The practice and discipline of Brahmacharya is one of the central Yamas or recommended practices delineated in Pantanjali’s Yoga Sutras. The Yoga Sutras offer a Yoga practitioner a very detailed, scientific approach to achieving enlightenment. If Pantanjali’s recommendations are followed in a systematic and committed fashion over an extended period of time, the result will be a sense of lightness, bliss, freedom, and a state of boundless joy; at least on a good day!
For many of us who practice Yoga on a regular basis, we do so because we feel physically and emotionally better when we do. In a world that is filled with continually fluctuating experiences of great joy and deep sorrow, this sense of well-being is well worth the effort, even if we don’t live in a state of Nirvasankalpa Samadhi at all times. In fact, many Yoga practitioners choose to become Yoga instructors so that they can share the joy and well-being generated by the practice with others.
By introducing your Yoga students to the concept of energy conservation or Brahamacharya during class, you will offer them a framework within which to determine the intensity level of their own practice. Supporting your students in determining their own level of asana practice is important because we may not always be aware of a particular student’s physical or emotional challenges, especially not on a daily basis. In the context if a Yoga class, supporting your students in the practice of Brahmacharya is critical.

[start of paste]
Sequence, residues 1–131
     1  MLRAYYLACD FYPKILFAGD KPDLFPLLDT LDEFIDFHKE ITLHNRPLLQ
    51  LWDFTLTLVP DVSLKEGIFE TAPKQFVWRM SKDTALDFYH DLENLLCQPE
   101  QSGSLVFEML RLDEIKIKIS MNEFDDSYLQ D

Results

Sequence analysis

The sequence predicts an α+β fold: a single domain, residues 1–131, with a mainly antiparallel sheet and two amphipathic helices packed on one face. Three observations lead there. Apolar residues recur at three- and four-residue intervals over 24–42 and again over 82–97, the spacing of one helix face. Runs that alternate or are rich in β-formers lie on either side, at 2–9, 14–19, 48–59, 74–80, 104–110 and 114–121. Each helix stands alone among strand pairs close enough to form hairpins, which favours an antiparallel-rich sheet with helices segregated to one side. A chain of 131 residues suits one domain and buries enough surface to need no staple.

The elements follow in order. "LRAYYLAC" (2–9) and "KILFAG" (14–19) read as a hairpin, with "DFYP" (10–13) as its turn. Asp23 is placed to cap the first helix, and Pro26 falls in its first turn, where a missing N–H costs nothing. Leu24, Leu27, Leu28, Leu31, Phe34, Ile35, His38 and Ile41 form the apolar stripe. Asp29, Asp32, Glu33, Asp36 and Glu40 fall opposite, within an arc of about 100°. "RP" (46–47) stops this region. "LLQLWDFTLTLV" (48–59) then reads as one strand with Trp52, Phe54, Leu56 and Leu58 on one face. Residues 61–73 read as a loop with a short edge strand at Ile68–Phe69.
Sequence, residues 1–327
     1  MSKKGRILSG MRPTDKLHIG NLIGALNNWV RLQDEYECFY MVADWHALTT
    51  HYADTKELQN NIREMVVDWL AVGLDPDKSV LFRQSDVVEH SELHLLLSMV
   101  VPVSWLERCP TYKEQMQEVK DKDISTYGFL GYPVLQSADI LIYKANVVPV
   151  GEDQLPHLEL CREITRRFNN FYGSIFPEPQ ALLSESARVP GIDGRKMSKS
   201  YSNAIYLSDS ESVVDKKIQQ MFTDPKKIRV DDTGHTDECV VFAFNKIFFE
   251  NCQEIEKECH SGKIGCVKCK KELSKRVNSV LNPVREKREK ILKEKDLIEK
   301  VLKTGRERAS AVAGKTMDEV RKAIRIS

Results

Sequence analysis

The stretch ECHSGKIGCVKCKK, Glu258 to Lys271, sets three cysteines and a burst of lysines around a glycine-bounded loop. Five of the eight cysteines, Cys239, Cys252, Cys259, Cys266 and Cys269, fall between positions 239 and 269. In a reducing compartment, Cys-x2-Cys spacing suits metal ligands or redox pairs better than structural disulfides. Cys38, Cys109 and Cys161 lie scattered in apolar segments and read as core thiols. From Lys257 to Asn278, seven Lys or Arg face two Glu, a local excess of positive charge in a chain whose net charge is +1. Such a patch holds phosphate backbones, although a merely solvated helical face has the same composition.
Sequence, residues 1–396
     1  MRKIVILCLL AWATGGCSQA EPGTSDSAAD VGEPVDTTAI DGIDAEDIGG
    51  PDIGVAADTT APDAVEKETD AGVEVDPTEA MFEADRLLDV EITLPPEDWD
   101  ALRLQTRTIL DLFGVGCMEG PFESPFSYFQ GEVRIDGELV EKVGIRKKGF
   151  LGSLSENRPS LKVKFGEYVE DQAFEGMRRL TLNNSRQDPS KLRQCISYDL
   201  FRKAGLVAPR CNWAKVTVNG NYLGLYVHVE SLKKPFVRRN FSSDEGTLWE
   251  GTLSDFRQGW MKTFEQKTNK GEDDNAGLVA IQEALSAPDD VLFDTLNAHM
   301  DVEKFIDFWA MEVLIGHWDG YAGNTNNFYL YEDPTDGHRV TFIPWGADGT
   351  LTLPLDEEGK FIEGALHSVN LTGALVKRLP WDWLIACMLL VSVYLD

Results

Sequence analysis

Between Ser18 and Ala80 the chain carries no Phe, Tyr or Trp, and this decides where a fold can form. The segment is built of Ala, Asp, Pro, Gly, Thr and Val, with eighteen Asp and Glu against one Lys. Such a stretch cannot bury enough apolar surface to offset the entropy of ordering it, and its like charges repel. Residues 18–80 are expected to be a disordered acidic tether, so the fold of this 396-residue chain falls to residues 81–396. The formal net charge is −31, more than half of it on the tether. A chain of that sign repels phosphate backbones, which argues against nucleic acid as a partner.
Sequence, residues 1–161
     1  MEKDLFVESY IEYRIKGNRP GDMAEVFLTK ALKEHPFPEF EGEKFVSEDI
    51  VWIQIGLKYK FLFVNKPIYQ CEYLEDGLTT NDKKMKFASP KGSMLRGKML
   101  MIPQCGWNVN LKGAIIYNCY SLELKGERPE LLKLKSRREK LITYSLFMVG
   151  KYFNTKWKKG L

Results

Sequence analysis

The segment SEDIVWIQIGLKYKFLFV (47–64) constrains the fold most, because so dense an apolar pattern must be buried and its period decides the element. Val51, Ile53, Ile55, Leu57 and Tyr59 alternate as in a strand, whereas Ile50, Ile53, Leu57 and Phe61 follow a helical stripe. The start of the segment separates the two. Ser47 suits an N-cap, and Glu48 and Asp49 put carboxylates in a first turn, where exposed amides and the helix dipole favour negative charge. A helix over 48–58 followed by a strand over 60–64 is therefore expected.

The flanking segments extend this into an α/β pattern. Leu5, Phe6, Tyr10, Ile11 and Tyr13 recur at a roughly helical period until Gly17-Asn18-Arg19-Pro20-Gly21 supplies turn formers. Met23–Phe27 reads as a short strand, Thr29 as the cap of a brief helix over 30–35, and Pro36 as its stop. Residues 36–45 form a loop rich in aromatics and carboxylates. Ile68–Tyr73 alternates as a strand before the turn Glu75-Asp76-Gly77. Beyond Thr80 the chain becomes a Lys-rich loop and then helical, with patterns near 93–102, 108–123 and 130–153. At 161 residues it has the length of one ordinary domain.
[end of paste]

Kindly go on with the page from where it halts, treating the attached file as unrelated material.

By introducing your students to the concept of Brahamcharya, you will empower them to safely set the pace of their own asana practice. If your students apply the principals of energy conservation during class, they are much more likely to leave class feeling peaceful, refreshed and energized; instead of drained or possibly even injured. For example, if you notice a student attempting a posture that is way beyond his or her currently level of ability, gently offering modifications or alternative poses will ultimately help your student to nurture a true state of well-being.
Off the mat, applying the concept of Brahmacharya to everyday life will free your students of the habit of overextending themselves in a variety of circumstances and will offer them the opportunity to manage their time and energy in such a way that they feel revitalized. According to Pantanjali, practicing Brahmacharya or energy conservation will lead to greater vitality, peace and increased life force energy. This energy can then be funneled into one’s spiritual practices and life goals. Managing one’s own energy wisely will also deeply nurture a sense of happiness, love and well-being that many of us are seeking when we first step on the mat.
© Copyright 2013 – Virginia Iversen / Aura Wellness Center – Publications Division
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